UPDATE 11/6/06: More Eating Out 2: Sloppy Seconds here.
I'm a huge admirer of Q. Allan Brocka, director and writer of Eating Out, but that debut feature was not my cup of tea. I really wasn't overly excited to see the sequel—it's kind of like how Mission: Impossible disappointed, so why would I want to see Mission: Impossible 2? And yet, like that other franchise, I found myself—impossibly?—falling hard for Eating Out 2: Sloppy Seconds.
Co-written by Brocka and by the film's newbie director Phillip J. Bartell, EO2 has the distinction of being the first gay sequel in history (American, that is, thanks to the La Cage Aux Folles trilogy in France), but it has other distinctions that any film would covet: It's confidently directed, has uniformly fine comedic performances that match and complement each other in tone, has a top-notch score and looks like a million bucks—even though it probably cost a fraction of that to make.
You don't need to have seen Eating Out to appreciate E02, but you've seen it anyway—it's a wildly successful film, thanks to the buzz it generated for a phoned-in three-way and some thank-you-God full-frontal by Desperate Houseboy Ryan Carnes. But E02 stands alone, diving right into a mess of characters united in their obsession with sex who are nonetheless distinguished from one another by their own individual quirks: Emily Stiles (now Emily Brooke Hands) returns as Gwen, who really wishes the guys she sleeps with wouldn't be too uptight to have sex with men while she watches; Rebekah Kochan returns as Tiffani, an oral expert who can tell how long it's been since the penis she's sucking has fired; American Idol contestant Jim Verraros is back as ugly duckling Kyle, though with his makeover "taking" by now, it's going to be increasingly hard for him to play that kind of part; and it's hard to overlook newcomers to the series Brett Chukerman as Kyle's snarky ex- and Marco Dapper as the eye candy with a hard-on of gold.
There are sexual situations galore and enough raunchy humor to do John Waters proud (speaking of whom, Mink Stole pops up as Kyle's mom), but the plot thickens with a savvy satire of the ex-gay movement, which is being spearheaded at school by a right-wing hottie, played by former teen heartthrob Scott Vickaryous. Instead of being lazy and letting the sex sell this project, Bartell and Brocka have seeded the script with hilarious one-liners and observations that, for the most part, are not the familiar ones you'd expect from a gay sex comedy. The characters and the script—not to mention the snappy editing—make E02 feel like a European sex farce.
Everyone from the first movie has improved tremendously, but Rebekah Kochan demands singling out. In Eating Out, she was a bit more slovenly and her performance forgettable (at least by me). In the sequel, she is a svelte bombshell and her timing informs and fully exploits every line she utters and every situation she's in. It's impossible to believe she won't get good work from this gig; it's like the first time you saw Jennifer Coolidge...but if the first time had been early enough on to help make her a leading lady instead of an in-demand character actress.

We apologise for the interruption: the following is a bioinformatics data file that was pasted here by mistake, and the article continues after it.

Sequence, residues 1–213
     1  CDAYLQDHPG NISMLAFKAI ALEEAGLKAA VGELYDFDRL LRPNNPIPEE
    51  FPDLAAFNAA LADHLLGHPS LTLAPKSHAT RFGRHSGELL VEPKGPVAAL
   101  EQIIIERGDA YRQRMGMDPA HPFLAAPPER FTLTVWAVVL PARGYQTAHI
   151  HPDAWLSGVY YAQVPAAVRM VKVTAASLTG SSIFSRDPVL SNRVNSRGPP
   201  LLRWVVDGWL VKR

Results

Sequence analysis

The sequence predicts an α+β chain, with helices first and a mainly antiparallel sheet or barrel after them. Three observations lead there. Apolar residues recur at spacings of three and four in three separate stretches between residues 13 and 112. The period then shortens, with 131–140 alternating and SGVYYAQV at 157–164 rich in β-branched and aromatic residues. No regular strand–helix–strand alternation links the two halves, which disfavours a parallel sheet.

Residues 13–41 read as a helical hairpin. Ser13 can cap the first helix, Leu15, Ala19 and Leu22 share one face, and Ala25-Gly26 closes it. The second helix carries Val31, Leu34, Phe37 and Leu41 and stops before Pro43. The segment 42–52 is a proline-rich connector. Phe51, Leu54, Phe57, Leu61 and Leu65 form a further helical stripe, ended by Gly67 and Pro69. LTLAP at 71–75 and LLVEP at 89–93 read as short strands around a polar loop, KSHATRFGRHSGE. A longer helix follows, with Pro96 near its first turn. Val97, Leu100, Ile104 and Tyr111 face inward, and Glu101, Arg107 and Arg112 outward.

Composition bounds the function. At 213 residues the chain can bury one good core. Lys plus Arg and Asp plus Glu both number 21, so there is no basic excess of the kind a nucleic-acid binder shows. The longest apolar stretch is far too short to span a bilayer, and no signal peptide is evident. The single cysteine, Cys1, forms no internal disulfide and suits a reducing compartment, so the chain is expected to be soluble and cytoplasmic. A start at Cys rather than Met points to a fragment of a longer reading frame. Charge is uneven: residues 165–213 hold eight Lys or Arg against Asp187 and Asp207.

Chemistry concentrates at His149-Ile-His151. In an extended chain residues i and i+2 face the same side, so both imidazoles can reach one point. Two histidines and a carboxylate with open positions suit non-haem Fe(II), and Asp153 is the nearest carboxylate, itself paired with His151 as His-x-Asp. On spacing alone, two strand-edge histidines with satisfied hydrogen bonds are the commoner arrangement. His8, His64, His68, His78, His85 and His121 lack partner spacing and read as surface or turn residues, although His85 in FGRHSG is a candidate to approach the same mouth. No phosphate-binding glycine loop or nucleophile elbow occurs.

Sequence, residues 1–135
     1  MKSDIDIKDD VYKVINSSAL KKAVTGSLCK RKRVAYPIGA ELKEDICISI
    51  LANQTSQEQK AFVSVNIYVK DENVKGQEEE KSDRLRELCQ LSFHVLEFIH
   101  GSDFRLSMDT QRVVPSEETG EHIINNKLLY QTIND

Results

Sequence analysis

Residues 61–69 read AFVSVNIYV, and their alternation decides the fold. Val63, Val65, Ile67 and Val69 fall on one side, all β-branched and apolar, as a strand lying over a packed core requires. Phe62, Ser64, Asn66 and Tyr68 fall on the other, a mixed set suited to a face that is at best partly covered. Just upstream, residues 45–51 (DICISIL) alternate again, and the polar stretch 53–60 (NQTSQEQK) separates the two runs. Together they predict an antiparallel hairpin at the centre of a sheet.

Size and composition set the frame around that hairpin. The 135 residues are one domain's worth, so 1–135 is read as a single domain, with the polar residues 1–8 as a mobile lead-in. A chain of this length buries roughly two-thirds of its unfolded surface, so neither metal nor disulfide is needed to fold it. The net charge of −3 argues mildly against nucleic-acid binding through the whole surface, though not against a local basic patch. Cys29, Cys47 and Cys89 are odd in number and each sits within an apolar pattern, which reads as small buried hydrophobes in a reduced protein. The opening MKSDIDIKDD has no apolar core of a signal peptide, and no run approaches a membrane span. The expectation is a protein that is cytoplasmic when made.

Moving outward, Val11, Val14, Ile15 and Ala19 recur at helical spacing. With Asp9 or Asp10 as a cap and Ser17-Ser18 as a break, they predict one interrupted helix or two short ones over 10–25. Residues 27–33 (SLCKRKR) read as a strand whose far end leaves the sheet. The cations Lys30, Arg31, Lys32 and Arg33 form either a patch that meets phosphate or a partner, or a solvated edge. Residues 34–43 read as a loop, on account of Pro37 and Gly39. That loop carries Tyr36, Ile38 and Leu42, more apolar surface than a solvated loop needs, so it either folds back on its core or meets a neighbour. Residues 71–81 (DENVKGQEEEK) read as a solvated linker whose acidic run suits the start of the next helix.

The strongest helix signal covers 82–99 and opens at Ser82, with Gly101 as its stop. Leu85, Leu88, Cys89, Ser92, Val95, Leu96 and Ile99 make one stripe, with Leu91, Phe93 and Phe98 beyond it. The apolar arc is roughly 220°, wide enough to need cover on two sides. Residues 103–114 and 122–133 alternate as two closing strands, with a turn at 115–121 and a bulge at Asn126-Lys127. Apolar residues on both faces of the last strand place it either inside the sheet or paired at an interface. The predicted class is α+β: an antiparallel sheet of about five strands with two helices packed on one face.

Marco Dapper is also a surprise, and the charm he brings to his role—not to mention an unexpected fluidity as an actor, considering his chiselled appearance—is a further credit to Bartell. Dapper out-James Deans James Dean and makes Matt Dillon look homely. His acting ability is evident, but if it hadn't been, his talent below the belt (revealed in one jaw-dropping scene) would have guaranteed that the future DVD would be like low-hanging fruit to gay consumers.
Along with the main cast, there are seemingly countless other actors who get screen time and who live up to the high standards of the low comedy. The sex is hot, too—and it's not just about gratuitous nudity. Whether the actors are simulating sodomy (I bet Vickaryous's fans never dreamed they'd see him take it up the ass so enthusiastically in a Port-A-Potti), sucking each other's nipples or feigning orgasm, it feels real, racy and erotic. The tone is best summed up by a question that arose during the Q&A panel afterward, when a female audience member asked, "Is Marco Dapper really gay? Because I'd like to hit that." (He's not, but two of the cast are openly gay while some others appear to be openly closed.)
So what's wrong with Eating Out 2? Nothing serious. The audience I saw it with (the first of two screenings at Outfest this year) laughed easily and consistently throughout and gave it rousing applause when it ended. The film peters out for a stretch toward the end, which made me wonder if it would all fall apart. But despite that brief departure from what is otherwise a not-so-guilty pleasure, it's able to end in a most satisfying and unexpected way. Brocka has already gone on to direct Boy Culture (by way of full disclosure) and is doing an animated series for Logo based on his popular Rick & Steve: The Happiest Gay Couple In All The World short. If Bartell doesn't go on to direct a major project after this, then the studios deserve their current slump.